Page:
If you need to make an adjustment, you can overwrite the cell range in the box or simply click the small upward arrow, and then select the cells from your worksheet using the mouse.
If you data has headers, make sure the ‘My table has headers’ box is checked. Click OK.
Your data will now be formatted as a table object. The default color formatting will be applied and every other row will be colored.
You can quickly adjust the color formatting by selecting any cell within your data table and then clicking Table Design up on the ribbon.
In the ‘Table Styles’ section, you have the option to change the table’s color from a selection of pre-set formats. Customization is also available.
‘Go To Special’ Hack
This technique works great if you want to select every other row in Excel within your data set to then delete it.
First we create a “helper” column in the first column to the left of our data set. Give it a header to clearly mark it’s purpose, it will be deleted later on.
In the first row of the helper column, insert an ‘X’. Then click on this cell and drag your mouse down to the cell below, so that both of the cells are now selected.
Now the first to cells are selected, notice the small green square in the bottom-right of the selected cells – this is the Auto Fill Handle.
Click and hold the Auto Fill Handle, and drag the mouse down to extend the selection to all of the rows in your data set.
Auto Fill Handle
The cursor changes to a small black plus sign when you mouse over the auto fill handle to indicate it is active.
Clicking and dragging down will extend the “X then blank” pattern to all of the cells you select.
Alternatively, you can double-click the fill handle and it will automatically extend down to the end of your data set.
The auto fill handle is a really useful feature on Excel. You can read more about it’s functionality in this post on 6 Ways To Use The Fill Handle In Excel
Now we have created a recognizable pattern of “X then blank” for every 2 cells in the helper column. With these cells still selected, click:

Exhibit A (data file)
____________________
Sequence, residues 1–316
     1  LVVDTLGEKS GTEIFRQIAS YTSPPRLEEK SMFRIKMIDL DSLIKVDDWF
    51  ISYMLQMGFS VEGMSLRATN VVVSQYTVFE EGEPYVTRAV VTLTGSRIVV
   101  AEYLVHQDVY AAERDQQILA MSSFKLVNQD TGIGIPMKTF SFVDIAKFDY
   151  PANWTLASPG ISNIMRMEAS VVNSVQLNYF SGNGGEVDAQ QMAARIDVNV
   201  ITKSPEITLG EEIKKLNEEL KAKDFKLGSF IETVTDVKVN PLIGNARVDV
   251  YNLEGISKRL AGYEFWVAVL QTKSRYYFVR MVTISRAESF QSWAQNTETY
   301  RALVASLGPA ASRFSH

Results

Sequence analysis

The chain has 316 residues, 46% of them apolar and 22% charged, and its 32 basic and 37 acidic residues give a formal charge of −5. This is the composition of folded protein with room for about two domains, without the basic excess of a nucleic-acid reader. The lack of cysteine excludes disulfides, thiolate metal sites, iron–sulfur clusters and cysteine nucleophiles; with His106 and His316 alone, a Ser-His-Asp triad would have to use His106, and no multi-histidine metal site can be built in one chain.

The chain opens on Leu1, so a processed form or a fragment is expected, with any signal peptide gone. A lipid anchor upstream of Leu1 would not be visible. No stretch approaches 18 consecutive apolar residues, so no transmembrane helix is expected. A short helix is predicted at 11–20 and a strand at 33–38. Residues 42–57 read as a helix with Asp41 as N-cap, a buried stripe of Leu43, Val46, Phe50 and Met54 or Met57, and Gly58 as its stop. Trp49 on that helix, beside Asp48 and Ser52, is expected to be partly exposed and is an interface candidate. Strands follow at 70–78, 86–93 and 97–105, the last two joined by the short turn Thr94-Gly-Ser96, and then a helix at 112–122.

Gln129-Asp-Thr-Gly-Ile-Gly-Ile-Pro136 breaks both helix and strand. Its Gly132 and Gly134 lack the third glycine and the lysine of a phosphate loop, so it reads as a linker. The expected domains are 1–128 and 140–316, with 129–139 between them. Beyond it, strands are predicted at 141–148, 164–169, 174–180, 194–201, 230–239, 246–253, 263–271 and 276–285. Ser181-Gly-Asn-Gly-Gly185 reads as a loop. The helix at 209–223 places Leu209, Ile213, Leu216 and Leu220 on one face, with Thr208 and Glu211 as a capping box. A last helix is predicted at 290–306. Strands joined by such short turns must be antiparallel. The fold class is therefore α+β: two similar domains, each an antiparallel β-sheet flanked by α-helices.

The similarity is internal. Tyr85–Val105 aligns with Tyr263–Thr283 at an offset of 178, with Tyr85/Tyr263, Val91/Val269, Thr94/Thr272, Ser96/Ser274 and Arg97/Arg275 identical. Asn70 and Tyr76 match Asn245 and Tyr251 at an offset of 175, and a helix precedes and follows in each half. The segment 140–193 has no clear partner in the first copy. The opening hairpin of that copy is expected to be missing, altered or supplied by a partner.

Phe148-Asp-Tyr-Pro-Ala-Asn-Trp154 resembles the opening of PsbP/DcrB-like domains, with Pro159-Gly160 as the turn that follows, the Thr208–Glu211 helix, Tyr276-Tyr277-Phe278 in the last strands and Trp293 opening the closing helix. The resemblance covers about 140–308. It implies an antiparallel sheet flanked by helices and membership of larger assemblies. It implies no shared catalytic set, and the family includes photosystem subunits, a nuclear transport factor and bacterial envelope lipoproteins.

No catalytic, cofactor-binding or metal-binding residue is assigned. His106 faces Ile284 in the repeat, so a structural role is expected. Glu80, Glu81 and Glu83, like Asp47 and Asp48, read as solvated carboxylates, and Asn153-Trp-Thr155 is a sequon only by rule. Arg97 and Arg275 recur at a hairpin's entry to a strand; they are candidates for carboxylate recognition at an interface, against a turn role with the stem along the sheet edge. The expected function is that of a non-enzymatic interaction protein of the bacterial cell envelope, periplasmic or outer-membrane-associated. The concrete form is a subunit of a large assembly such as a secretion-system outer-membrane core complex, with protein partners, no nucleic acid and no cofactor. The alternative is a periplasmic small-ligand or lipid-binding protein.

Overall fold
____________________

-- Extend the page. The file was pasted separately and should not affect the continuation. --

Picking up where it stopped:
Home –> Find & Select –> Go To Special…
This will open the ‘Go To Special’ dialog box. Select the ‘Blanks’ radio button then click OK.
Excel will now create a non-contiguous cell selection on the blank cells in the helper column. Now we can right-click on any of the selected cells and click Delete. This will launch the ‘Delete’ dialog box where you can then select Entire Row and then click OK.
Every other row will be deleted and the data will be pushed up into the gaps.
You can now delete your helper column
VBA (visual basic for applications) is Excel’s built-in programming language. We can use this small script to automatically select every other row of a given range.
To use the script, copy and paste it into a new module in the VBA Editor.
To open a new module, go to Developer –> Visual Basic. If you don’t see the Developer tab on the ribbon, you’ll need to activate it first.
When in the VBA Editor, click Insert –> Module
Dim userRange As Range
Dim alternateRowRange As Range
Dim rowCount, i As Long
Set userRange = Selection
rowCount = userRange.Rows.Count
‘add row 1 of selected cells to the range variable
Set alternateRowRange = .Rows(1)
‘loop through every other row and add to range variable
For i = 3 To rowCount Step 2
Set alternateRowRange = Union(alternateRowRange, .Rows(i))
‘select every other row
To run this code, a user will need to make a selection of cells that they want to select every other row from first. The code works by looping through the selected range and adds every other row to a range variable which is then selected at the end of the programme.
Here we have looked at 5 different ways to select every other row in Excel. As we have seen, there are many methods available for us to do this from conditional formatting to automated selection via VBA.